Drinking water as part of a comprehensive weight loss program that includes reducing calories and increasing physical activity is a good strategy for losing weight, especially if you drink water instead of sugar-sweetened beverages. It is not possible to say whether drinking 12 cups of water is healthy for you, because every person's need is different. But drinking too much water can lead to water intoxication, a potentially deadly condition.
Amount of Water Needed for Good Health
Many people wonder how much water they should drink each day. Unfortunately, there is little research that can provide a definitive answer. Each person's water needs are different. If you do a lot of intense exercise, you will need to drink more water than a person who is inactive. If you live in a hot climate, you will need to drink more water than a person who lives in a moderate one. Also, you may be getting liquid from other beverages or foods. You should talk with your health care provider to find out whether drinking 12 cups of water per day would be too much for you.
Drinking Water and Weight Loss
Many weight loss programs suggest increasing water in addition to reducing calories and increasing physical activity. A 2008 study of overweight women participating in weight-loss programs published in the journal "Obesity" provides some evidence that moderate increases in water of 4.39 cups were associated with weight loss of 5 pounds over 12 months. But if you drink 12 cups of water each day without reducing the calories you consume or increasing physical activity, it is unlikely that you will lose much weight. Drinking large amounts of water might also make you sick.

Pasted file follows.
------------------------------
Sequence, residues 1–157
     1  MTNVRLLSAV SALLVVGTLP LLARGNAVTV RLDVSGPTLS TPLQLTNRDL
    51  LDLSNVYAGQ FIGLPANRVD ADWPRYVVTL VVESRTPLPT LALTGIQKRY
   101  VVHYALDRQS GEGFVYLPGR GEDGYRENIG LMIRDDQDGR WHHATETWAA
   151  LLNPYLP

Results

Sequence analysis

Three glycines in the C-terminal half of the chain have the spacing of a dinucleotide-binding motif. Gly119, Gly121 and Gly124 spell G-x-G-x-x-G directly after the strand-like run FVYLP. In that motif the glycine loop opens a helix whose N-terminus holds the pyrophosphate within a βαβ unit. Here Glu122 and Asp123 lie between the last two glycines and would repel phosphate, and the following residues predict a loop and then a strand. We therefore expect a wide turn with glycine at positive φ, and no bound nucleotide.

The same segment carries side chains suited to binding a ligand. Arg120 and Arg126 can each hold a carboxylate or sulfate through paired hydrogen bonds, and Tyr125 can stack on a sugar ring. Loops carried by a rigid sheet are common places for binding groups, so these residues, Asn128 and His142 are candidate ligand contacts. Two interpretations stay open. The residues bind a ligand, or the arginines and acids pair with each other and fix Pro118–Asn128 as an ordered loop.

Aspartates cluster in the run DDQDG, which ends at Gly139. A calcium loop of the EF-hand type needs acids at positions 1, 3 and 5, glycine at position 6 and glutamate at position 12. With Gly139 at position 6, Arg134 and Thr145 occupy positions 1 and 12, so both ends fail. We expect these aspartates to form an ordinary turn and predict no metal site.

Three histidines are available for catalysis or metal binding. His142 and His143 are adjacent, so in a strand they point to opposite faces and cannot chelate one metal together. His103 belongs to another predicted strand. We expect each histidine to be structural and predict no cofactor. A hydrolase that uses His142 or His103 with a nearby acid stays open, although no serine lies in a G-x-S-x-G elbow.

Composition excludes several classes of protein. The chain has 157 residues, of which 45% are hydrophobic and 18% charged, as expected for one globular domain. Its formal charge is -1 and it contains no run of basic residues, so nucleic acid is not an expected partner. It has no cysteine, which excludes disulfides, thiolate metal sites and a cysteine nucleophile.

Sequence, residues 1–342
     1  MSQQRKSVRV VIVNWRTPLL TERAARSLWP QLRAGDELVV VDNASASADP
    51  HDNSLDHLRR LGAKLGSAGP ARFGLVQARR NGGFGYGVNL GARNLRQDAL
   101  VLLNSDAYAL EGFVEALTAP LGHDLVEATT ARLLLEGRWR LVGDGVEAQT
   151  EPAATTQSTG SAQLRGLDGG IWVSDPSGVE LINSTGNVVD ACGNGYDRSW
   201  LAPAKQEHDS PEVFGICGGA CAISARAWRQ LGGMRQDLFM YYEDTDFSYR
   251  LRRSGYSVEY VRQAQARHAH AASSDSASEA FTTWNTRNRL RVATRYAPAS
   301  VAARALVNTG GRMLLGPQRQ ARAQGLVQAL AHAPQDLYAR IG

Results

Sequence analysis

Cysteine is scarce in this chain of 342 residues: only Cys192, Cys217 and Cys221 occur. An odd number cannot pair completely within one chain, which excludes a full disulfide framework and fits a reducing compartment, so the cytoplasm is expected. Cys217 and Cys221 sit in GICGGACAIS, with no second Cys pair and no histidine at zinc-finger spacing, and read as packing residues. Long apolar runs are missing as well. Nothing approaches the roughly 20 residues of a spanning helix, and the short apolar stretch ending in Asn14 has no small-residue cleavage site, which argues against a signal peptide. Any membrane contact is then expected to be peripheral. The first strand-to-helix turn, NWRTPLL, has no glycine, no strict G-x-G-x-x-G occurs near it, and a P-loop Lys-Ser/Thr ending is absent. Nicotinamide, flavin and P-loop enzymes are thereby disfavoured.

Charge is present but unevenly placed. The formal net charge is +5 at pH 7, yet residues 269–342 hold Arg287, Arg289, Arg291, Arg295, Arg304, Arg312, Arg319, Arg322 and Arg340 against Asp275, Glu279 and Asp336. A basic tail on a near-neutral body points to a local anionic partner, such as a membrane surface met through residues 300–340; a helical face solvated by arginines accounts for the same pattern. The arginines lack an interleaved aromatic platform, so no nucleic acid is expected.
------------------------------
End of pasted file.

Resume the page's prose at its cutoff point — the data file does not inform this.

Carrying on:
Substituting Water for Sugar-Sweetened Beverages
A 2010 review of research literature published in "Nutrition Reviews" recommended drinking water instead of other high-calorie foods or drinks. Because sugar-sweetened beverages like soda are highly related to being obese or overweight, drinking water instead of these beverages is an effective way to cut calories. But drinking water instead of artificially sweetened or diet soda will probably not result in much weight loss; there is little reduction in the calories you consume.
If you are thinking about increasing the amount of water you drink, remember it is important not to drink too much, which can lead to a potentially deadly condition called water intoxication. Although it is most frequently seen in infants, there are also cases in older children and adults. Water intoxication can lead to sickness and death. Since each person has unique water needs, do not drastically increase your intake without speaking to a health care practitioner.
- Centers for Disease Control and Prevention; Water: Meeting Your Daily Fluid Needs; February 2011
- "American Journal Of Physiology-Regulatory, Integrative, And Comparative Physiology"; "Drink at Least Eight Glasses of Water a Day.” Really? Is There Scientific Evidence For “8 x 8”?” Heinz Valtin; 2002
- “Obesity”; Drinking Water Is Associated With Weight Loss in Overweight Dieting Women Independent of Diet and Activity; Jodi D. Stookey, et al.; 2008
- “The American Journal of Clinical Nutrition”; Intake of Sugar-Sweetened Beverages and Weight Gain: A Systematic Review; Vasanti S. Malik, et al.; 2006
- MedlinePlus: Water in Diet